A new multiplex diagnostic assay technology called Pi Code Technology was presented today at the Fifth International Molecular Diagnostics Europe conference in Lisbon, Portugal by PlexBio Co., Ltd. Chief Operating Officer, Stuart M. Palmer, Ph.D. This new diagnostic technology platform developed by PlexBio is able to rapidly determine the status of a wide range of somatic gene mutations or gene rearrangements typically seen in various cancers. In combination with SelectAmp, a mutation-enriching PCR amplification technique that dramatically increases mutation detection sensitivities, the new analytic approach presented by PlexBio holds strong promise for use with ‘liquid biopsy’ samples. The company’s scientific presentation focused mainly on the mutation analysis results obtained for the EGFR gene (a gene very often associated with lung cancer), but preliminary work on a range of liquid biopsy-compatible ‘cancer panels’ was also presented.

Speakers from all over the world joined at the conference which runs from April 10-13th. This year, the conference features six tracks: Advances in Prenatal Molecular Diagnostics, Biomarkers for Immunotherapy, Cell-Free DNA in Clinical Oncology, Enabling Technologies for Cell-Free DNA, Advanced Diagnostics for Infectious Disease, and Point-of-Care Diagnostics. Dr. Palmer noted that “PlexBio is proud to be a first-time sponsor at this top-line scientific conference and the session tracks dedicated to Cell-Free DNA in Clinical Oncology. We look forward to seeing even greater developments at next year’s meeting”.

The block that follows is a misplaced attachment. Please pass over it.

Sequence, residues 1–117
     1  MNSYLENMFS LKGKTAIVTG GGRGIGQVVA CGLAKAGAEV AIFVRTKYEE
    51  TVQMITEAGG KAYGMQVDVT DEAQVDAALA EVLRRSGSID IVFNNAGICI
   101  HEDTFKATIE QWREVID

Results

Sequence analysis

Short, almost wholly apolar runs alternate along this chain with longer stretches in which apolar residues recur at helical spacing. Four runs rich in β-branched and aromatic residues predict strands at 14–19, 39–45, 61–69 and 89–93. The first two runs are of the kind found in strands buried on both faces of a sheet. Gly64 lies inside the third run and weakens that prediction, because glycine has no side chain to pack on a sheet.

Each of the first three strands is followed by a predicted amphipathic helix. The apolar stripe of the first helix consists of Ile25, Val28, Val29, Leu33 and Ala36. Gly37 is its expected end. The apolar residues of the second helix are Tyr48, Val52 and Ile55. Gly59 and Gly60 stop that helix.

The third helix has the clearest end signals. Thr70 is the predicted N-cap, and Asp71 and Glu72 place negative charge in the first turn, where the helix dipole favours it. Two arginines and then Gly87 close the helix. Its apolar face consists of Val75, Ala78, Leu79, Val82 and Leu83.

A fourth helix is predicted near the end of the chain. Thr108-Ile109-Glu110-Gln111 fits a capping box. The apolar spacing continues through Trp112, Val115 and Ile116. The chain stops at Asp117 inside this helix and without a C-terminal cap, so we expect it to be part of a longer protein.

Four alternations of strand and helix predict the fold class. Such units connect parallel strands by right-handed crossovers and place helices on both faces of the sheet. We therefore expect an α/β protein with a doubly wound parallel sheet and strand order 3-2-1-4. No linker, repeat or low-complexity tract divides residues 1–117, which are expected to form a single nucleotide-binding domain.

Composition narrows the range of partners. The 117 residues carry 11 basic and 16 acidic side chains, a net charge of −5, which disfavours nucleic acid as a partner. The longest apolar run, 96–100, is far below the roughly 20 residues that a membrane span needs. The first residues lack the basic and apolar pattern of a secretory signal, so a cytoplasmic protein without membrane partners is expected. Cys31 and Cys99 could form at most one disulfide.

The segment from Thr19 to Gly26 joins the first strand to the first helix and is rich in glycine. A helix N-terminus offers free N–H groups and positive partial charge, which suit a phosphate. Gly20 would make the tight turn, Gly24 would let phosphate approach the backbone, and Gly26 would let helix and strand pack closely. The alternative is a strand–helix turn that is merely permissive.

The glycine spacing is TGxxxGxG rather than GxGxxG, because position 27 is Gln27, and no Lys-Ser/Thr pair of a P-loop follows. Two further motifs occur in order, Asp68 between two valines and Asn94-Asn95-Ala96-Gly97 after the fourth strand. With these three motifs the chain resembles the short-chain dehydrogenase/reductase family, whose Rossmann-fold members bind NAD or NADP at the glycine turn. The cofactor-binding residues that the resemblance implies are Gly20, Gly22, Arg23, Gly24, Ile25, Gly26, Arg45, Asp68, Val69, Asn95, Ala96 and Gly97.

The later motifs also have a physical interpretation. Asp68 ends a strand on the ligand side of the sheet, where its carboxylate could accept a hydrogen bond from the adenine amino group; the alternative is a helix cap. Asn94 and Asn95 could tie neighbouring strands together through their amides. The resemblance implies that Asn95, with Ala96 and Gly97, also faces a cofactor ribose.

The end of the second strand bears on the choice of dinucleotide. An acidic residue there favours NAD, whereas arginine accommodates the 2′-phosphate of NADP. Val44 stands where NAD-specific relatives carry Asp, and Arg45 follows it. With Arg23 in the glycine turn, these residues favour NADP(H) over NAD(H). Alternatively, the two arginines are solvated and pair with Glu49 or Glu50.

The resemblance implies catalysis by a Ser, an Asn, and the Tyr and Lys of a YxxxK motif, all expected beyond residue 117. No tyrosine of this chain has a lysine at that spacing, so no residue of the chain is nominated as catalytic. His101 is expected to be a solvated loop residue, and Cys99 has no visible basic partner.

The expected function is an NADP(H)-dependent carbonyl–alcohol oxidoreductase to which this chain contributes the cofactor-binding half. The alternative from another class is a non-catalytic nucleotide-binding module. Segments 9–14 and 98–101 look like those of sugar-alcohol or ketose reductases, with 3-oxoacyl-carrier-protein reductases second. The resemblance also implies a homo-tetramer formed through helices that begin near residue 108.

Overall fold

The use of liquid biopsy samples in place of preserved solid tumors sections has been the focus of significant clinical study in recent years. The liquid biopsy approach, which uses blood and other bodily fluids that are more easily obtained, has the benefit of being non-invasive and less expensive than the traditional biopsy approach where samples are removed from the patient surgically or by needle aspiration. The objective of the new technique is to enable clinicians to determine a patient’s cancer status with a simple blood or fluids draw and to then quickly implement a treatment plan. The approach is poised to move rapidly into routine clinical practice.

Source – PRWeb